Network Norwich and Norfolk > People > Dereham Christian shares three generations of mission

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Dereham Christian shares three generations of mission

Three generations of Nesta Volle’s family have all chosen to leave their country and live in another part of the world, sharing the Christian faith. After 40 years as Christian missionaries in Italy, Nesta and her husband Paul now live in Dereham, still keen to share their love of God. Jenny Seal reports.

When Nesta Volle (pictured) was five years old, her family left Birmingham and set out for India. Her father was to work as a missionary in the administration of a Christian leprosy hospital in Andhra Pradesh.

Nesta remembers travelling into India and the border authorities demanding more money than expected, leaving the family unable to buy food for the rest of their journey.

Nesta said: "We were on this train and suddenly through the window, someone put loads of bread in for us. We never knew who it was, but we ate the bread". This simple story of God’s provision is one that Nesta has seen repeated throughout her life as a Christian missionary.

Her family returned from India five years later in time for the children to go to secondary school in the UK. When Nesta left school, she trained as a comptometer operator and then a few years later as a nurse and midwife. When she was 23 Nesta chose to go to Bible College.

“When I was at Bible School lots of people had ideas of what the Lord wanted them to do, and I kept saying, ‘you haven’t told me anything Lord.’ Then I went to Italy and each step was planned out to the next step, and then at the next. So I didn’t have a big boom of a calling but little by little the Lord led me and doors kept opening.”

In the summer of her second year at Bible College, Nesta went to Italy with the Christian organisation, Operation Mobilisation (OM). She returned the following summer and, having finished Bible College, an English missionary family living in Reggio Emilia invited her to stay on and help them with the children and around the home. Nesta did but quickly became frustrated. 

“I needed to do something different,” she said. “Then out of the blue, I got a letter from an Italian nurse who asked me to go to a Christian hospital in Naples. They were looking for Christian nurses. She had got my name from a Dutch girl that had been with me at Bible College in Wales… a bit of a rigmarole!”

Nesta moved to Naples and, working in the hospital, quickly learnt the language. In her holidays she attended retreats and conferences held by Operation Mobilisation and met Paul, an American, on the OM team. She said: “After I’d been working in the hospital for three years, we got married. Paul had been working in Pisa, so I went there.”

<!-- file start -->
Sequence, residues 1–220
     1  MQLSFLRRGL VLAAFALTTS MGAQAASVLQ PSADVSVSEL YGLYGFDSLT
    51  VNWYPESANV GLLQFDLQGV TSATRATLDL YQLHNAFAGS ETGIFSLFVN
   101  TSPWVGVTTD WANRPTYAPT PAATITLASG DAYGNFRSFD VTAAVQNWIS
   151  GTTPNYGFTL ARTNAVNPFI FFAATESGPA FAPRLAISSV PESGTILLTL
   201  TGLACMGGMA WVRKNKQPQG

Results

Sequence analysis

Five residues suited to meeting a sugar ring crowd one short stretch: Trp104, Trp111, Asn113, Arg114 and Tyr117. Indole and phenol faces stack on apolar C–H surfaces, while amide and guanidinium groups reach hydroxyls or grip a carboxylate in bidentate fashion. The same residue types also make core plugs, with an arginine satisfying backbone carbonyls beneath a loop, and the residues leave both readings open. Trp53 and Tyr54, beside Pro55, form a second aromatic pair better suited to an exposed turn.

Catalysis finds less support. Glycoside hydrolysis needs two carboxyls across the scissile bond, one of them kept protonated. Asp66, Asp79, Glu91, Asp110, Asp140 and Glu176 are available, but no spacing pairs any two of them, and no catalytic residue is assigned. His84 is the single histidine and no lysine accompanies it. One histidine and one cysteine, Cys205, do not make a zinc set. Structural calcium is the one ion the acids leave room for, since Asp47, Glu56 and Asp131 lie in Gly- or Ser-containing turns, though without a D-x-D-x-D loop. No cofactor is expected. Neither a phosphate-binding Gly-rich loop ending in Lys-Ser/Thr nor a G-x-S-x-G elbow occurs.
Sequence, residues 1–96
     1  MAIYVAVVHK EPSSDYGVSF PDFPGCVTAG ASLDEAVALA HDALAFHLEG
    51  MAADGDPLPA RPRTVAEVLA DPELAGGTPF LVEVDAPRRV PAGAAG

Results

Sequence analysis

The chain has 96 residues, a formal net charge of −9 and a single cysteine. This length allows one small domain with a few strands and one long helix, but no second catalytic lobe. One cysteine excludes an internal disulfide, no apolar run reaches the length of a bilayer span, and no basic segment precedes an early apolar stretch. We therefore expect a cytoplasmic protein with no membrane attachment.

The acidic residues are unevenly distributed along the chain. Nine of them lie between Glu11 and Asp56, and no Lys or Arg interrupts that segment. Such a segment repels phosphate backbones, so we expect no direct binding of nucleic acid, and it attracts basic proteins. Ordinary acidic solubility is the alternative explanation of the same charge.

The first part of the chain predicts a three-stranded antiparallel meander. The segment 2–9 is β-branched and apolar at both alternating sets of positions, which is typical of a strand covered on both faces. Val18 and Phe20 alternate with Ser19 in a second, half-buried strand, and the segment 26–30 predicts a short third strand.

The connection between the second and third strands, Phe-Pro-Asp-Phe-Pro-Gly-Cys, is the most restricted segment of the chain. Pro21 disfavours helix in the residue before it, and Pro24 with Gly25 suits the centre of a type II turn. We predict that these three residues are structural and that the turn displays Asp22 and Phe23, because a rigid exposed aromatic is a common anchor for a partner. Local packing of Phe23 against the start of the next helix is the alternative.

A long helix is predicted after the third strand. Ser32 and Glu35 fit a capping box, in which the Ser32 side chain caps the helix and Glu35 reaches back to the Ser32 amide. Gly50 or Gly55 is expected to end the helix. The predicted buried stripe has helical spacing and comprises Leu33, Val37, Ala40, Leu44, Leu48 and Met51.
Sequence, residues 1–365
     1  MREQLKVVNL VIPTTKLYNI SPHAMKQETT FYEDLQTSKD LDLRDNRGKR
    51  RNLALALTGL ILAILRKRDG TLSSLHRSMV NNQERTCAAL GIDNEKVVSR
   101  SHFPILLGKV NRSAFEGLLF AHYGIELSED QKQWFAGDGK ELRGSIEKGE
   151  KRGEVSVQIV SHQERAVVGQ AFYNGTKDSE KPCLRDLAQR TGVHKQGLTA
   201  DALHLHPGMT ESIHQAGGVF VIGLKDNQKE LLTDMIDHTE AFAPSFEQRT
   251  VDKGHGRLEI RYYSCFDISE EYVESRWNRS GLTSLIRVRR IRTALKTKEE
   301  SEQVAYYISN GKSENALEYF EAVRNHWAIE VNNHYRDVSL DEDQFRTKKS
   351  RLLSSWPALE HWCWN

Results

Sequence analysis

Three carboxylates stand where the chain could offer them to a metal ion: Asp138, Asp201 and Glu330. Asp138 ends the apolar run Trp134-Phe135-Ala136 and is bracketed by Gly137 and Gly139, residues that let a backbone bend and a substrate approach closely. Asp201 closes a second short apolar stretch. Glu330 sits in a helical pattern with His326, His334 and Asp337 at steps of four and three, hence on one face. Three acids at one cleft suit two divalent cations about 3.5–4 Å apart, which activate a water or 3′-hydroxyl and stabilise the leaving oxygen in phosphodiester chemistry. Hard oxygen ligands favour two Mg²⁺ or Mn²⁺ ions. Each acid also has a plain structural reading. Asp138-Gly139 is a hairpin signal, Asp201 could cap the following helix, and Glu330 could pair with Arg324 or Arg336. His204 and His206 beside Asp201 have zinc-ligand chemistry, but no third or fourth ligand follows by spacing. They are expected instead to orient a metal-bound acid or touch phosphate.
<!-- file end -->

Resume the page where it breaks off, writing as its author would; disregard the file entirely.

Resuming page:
They moved to Colle Val d’Elsa in Tuscany and raised their two children, who have also become Christian missionaries, one in America and one in the Far East. “Our children have always grown up being involved in mission,” she said. “In the summer we would have 20 or 25 young people come on a team from OM to help with evangelism. Our children grew up in that atmosphere.”

In Tuscany, with help from others in ministry, they started a church with just one Christian family living there. The church grew as they led children’s meetings, women’s meetings, tent evangelism and park evangelism in the summer, always encouraging young people to get involved in mission.

“We stayed there a good many years until the church was built up,” said Nesta. “And from that church, a young couple started a church in Siena and now there are about 80 or so in the church there.”

Although they received gifts of support from their home churches, Paul and Nesta didn’t receive a wage or a guaranteed income. She said: “All through our lives we found the Lord has been faithful in supporting us in so many ways. That is our testimony. It keeps you alive spiritually trusting the Lord that he will supply your needs.”

Nesta recalls a time when they had to move house to be where God was leading them to start a church. She said: "We found a flat in a 14th century building, but the owner wanted six months’ rent in advance. But we did not have the money. One of the Singaporeans who had been on the summer team sent us a gift not knowing our need and we were able to do the rental agreement in time for our child to start school in the town.”

In 2011 Paul and Nesta decided to leave Italy. They were getting older, their children had left the country and they didn’t want to become a burden on their friends. They heard about Eckling Grange in Dereham, originally a retirement home and complex for missionaries, and came to look round.

“We felt this was ideal for us,” said Nesta. “After a month, they said ‘we’ve got a place for you’. We couldn’t pack up 40 years of work just like that, plus our daughter was getting married in Asia and having a reception in Italy! We said, ‘oh we’re sorry we can’t come that soon.

“Eventually when we came, we received such a warm welcome, we just felt at home. Coming from the family-orientated place that Italy is to here, was a Godsend.”

Paul, who has always loved to share the story of Jesus with those who don’t know it, goes to the housing estates near Eckling Grange, knocking door to door to talk to people. “He goes back to those who show interest, giving them other Gospel literature and possibly a Gospel calendar to read every day,” said Nesta.

They are both involved in the Prison Fellowship at HMP Wayland and have recently started to help with the Sycamore Tree course, a six-week accredited course in restorative justice. Nesta plays the piano at the Eckling Grange Sunday service and loves to encourage people.

“In all my journeys I have seen God’s faithfulness and God’s provision in so many ways,” she said.
 
Photo: Nesta and Paul Volle at Eckling Grange in Dereham.


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